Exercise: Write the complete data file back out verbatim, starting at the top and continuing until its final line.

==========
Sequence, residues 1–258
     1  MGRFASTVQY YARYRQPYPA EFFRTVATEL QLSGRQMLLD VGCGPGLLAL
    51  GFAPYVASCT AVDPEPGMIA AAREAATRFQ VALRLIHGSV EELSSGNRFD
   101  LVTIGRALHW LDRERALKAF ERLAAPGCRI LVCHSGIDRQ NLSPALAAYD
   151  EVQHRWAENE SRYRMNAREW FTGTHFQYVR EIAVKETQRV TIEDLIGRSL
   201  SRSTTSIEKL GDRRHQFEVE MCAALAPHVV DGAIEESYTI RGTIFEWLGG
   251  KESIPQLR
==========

Sequence, residues 1–258
     1  MGRFASTVQY YARYRQPYPA EFFRTVATEL QLSGRQMLLD VGCGPGLLAL
    51  GFAPYVASCT AVDPEPGMIA AAREAATRFQ VALRLIHGSV EELSSGNRFD
   101  LVTIGRALHW LDRERALKAF ERLAAPGCRI LVCHSGIDRQ NLSPALAAYD
   151  EVQHRWAENE SRYRMNAREW FTGTHFQYVR EIAVKETQRV TIEDLIGRSL
   201  SRSTTSIEKL GDRRHQFEVE MCAALAPHVV DGAIEESYTI RGTIFEWLGG
   251  KESIPQLR